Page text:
After Australia Lehrer briefly taught political science at Massachusetts Institute of Technology (and presumably got confused with Noam Chomsky, who is exactly the same age.)

He then produced a flurry of brilliant topical songs for a short-lived satirical TV show called ‘That was the week that was’. The album (That Was the Year that Was’ covers smut, the teaching of ‘new math’ and – infamously – a song about the German rocket scientist Wernher Von Braun (‘once the rockets are up, who cares where they come down, that’s not my department says Werhner von Braun’.)

And then – tired of touring, tired of singing the same songs, and with real life becoming ever less funny, Lehrer basically retired from performing. His last gig, in 1972, was a fundraiser for the doomed Presidential candidate George McGovern.

He then spent 40 years teaching math and American popular music at the University of California, Santa Cruz.

In 1999 the British historian Martin Gilbert named Lehrer as one of the 10 great figures of the previous 100 years. “Lehrer was able to express and to expose, in humorous verse and lilting music, some of the most powerful dangers of the second half of the century … Many of the causes of which Lehrer sang became, three decades later, part of the main creative impulse of mankind,”

Indeed, for a man who hasn’t really performed since 1972, Lehrer’s fan-base remains enormous (full disclosure: my one appearance on the UK ‘Mastermind’ hinged on my specialist round -the songs of Tom Lehrer.)  In 2012, when the rapper 2 Chainz, a rapper, asked to sample “The Old Dope Peddler” in one of his tracks, Mr Lehrer was keen to help. “I grant you motherfuckers permission to do this,” he supposedly answered. “Please give my regards to Mr Chainz, or may I call him 2?”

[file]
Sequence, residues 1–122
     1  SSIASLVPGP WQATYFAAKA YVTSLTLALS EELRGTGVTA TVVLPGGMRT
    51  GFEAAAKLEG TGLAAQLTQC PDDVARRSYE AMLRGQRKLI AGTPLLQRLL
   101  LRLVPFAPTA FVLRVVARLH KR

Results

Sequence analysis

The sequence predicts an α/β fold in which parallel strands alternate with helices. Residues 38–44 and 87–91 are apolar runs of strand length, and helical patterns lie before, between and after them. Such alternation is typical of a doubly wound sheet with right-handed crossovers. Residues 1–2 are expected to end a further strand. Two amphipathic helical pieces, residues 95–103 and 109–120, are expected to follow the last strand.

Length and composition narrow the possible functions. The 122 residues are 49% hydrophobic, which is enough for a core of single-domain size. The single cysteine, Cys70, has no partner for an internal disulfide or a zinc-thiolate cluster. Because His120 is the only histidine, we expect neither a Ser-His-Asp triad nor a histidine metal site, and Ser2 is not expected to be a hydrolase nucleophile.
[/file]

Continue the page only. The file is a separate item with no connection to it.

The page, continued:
So, to celebrate this man, have a trawl through his (remarkably small number of) songs.

I guarantee there will be something to delight, horrify and amuse, as you slide down the razor blade of life…

Nice power/authority distinction

I have been – by wiser heads than mine – warned off trying to bite off much more for The Thesis, and we all agree with the imperative to Get The Damned Thing Finished.  So, am not going to open up the box marked “power” more than a little peek…  That’s for a mythical post-doc…

Meanwhile, Gerard Henderson (I’m not really a fan, but “stopped clocks” and all that) had this to say this morning about the Barnaby Joyce fiasco (the latest one, I mean) on ABC’s Insiders this morning (18 February 2018)

“As we know in politics, politicians often think they have power.  They don’t really have power, they have legitimate authority. They may make powerful decisions, but what they have is authority. Once you lose your authority, once you’re de-authorised, like Barnaby Joyce is, it’s very difficult to hang on….”

Reminds me of Somerset Maugham‘s observation in Then and Now (his imagining of Machiavelli past his prime) about the thing politicians not being able to survive being ridicule/mockery….